By Rathan Paul Harshavardan
Released Friday October 3rd - Bubbles Records
When I chose Erlend Øye's album Legao, little did I realise that I will learn to love this album with time. Released as a product of the Øye's independently owned record label Bubbles Records, this gem of an album by the nerdy poster boy of what I really consider indie music, blew my mind away.
Øye is a Norwegian musical genius, that's how i would introduce him to an audience that hasn't heard him before. A composer, musician, producer, singer and songwriter in his own right, the bespectacled genius was once a part of the indie folk duo Kings of Convenience, and the leader of his own band, The Whitest Boy Alive. His work with fellow Norwegian musical stalwarts Röyksopp, influenced his interest in electronic music, although, unlike his earlier work this album is inspired by his time with the Kings of Convenience andThe Whitest Boy Alive. Recorded in Reykjavík, Iceland with Keflavík reggae group Hjálmar, this gem of an album is Øye's route to return to his indie roots. With an Icelandic reggae assembly backing a Norwegian indie artist based in Italy and recorded in Berlin, Legao sounds non-viable on paper, but in reality, the international influence only adds to the melancholic aura surrounding this record.
Fence Me In, the first track off Legao does have tinges of lyrical inspiration from a genius in his own right,Leonard Cohen. Fence Me In, and Garota, are not really reggae material, nonetheless the melodies are pensive and leave listeners in rapt nostalgia. The tropical guitars on these songs remind you of Jamaica, but it is the Icelandic touch that avoids you taking a mental trip to the Caribbean paradise. The syncopated rhythms on Fence Me In and Garota are not reggae basics either, but the influence is stronger in Could You Be Loved, although it fades on the jaunty Super Furry Animals, inspired by neo-pyschedelic bands from the 80s.
Bob Marley's signature reggae influence is all over a very lyrically contrite Peng Pong, the outro reminiscent of all the heartbreak and if it were not for the track listing, undeservedly needs to be the cynosure of Legao, in its entirety. Peng Pong, is a song for anyone who has been in and out of love. Here is where Øye's lyrics of being loved or the lack of it, remind you of Cohen's Chelsea Hotel, cementing his position with the hallowed Mr. Cohen himself.
I've said it before and I'll say it again, the breakdown of a relationship is pure musical gold. Bad Guy Now, isn't nice but, as a narrative of being amidst a breakup, the song does a very good job at being one third of an arresting trio made up of Who Do You Report To and Whistler. Øye's lyrical genius comes again to the fore on this trinity of songs that explore love from his view.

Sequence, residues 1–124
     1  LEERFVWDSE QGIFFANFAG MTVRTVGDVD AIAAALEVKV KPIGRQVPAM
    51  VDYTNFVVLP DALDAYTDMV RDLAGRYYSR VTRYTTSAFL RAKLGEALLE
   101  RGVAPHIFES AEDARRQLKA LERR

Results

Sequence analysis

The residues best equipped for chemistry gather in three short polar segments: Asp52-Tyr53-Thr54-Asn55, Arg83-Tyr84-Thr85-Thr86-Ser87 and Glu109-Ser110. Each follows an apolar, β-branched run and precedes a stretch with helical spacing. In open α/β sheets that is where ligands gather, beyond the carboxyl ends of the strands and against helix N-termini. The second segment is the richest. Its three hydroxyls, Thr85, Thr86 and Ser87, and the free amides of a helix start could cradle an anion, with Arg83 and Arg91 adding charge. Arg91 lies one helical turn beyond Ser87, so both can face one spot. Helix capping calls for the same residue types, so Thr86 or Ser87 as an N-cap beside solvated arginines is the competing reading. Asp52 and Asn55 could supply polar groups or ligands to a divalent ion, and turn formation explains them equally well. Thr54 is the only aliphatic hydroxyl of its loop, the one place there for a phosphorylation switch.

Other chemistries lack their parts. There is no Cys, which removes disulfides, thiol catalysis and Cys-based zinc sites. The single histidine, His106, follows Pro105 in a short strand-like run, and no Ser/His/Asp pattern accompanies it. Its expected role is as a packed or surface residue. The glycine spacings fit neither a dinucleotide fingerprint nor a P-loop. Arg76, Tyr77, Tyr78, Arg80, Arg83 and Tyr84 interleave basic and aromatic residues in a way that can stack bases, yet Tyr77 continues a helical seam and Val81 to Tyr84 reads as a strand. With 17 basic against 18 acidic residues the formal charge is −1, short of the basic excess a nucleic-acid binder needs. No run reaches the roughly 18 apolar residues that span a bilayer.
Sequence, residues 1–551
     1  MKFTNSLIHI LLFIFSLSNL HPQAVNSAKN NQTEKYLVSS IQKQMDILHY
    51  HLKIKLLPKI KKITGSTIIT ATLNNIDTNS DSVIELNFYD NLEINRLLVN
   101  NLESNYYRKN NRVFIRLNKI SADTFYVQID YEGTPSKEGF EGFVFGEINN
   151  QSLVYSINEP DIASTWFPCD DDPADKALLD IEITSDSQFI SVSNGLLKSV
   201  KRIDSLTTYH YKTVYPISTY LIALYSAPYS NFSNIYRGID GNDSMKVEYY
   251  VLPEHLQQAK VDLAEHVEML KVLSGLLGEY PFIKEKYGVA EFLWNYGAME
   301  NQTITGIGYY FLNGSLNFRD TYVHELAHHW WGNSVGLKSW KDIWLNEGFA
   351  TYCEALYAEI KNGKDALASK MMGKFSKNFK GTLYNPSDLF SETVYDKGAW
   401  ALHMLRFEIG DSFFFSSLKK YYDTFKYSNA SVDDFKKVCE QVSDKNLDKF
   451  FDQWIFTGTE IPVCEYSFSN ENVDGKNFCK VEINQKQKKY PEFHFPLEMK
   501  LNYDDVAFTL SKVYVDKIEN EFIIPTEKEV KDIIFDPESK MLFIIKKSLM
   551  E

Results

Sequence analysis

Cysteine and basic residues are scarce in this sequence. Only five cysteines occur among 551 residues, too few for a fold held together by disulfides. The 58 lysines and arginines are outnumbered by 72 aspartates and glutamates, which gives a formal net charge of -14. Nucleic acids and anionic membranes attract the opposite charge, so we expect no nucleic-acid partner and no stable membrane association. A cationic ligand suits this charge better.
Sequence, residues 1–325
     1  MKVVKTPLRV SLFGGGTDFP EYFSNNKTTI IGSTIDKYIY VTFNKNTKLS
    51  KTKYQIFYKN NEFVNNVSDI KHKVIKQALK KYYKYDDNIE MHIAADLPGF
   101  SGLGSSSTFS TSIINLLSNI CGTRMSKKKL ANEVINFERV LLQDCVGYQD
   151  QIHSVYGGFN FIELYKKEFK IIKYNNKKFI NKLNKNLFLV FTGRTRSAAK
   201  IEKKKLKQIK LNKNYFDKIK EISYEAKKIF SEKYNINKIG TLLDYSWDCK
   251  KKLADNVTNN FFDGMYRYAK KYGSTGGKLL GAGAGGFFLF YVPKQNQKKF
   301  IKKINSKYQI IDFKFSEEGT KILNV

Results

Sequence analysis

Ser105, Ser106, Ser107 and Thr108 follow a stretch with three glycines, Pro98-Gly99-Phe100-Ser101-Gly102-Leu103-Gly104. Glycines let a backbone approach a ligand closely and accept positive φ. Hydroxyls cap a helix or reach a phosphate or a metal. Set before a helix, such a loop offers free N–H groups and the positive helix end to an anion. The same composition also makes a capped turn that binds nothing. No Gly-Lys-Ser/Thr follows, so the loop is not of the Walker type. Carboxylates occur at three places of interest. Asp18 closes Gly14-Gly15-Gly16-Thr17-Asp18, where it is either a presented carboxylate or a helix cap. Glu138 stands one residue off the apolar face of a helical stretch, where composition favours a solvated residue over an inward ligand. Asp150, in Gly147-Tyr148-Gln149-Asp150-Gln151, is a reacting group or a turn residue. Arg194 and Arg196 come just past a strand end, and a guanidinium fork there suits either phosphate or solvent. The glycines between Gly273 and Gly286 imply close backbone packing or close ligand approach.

Unrepressed to say the least, Save Some Loving is a selfish ode of love to the most important person in the world -yourself. For those who are aware of Øye's previous work, it is disappointing to know that he has disrobed Legao of any electronic music influences. Rainman is as colourful lyrically as it is in its accompanying video, illustrated by a fan, Clara Cebrian. Reggae reigns supreme in a rather wistful and broody Lies Become Part of Who You Are. The bespectacled Scandinavian modern day Cohen, may not be visually appealing but, its his musical genius that makes Legao an absolute stand out and worth the time he set apart on his début and sophomore albums.
Heavily autobiographical and tastefully wistful, the effortless musical scores, elegantly articulated lyrics and a caressing voice,prove that Øye's Legao is a testament to his balladeering skills. Fence Me In's chorus has him crooning, "There's poetry in every moment of the day/ Tell it to my face, if you ever hear me say/ ‘My well is empty; I am done/ My inspiration has dried up, and the spark has gone", although, Legao is a paradox to those very lines. Just like the fans who waited to hear him after the début, I will definitely wait for the blasé style in Øye's work to return in due time, since and I quote Rainman's arresting chorus, "Loving you is like waiting for the rain to come," to prove that his music is most appreciated.
As international as Øye's video for Garota filmed in Seoul, the album is a must have for people who love indie music. A Norwegian electronic artist playing reggae infused tunes with a band from Iceland may not be interesting on paper, but listen to it and you will realise why music cannot be limited any more.
4.5 / 5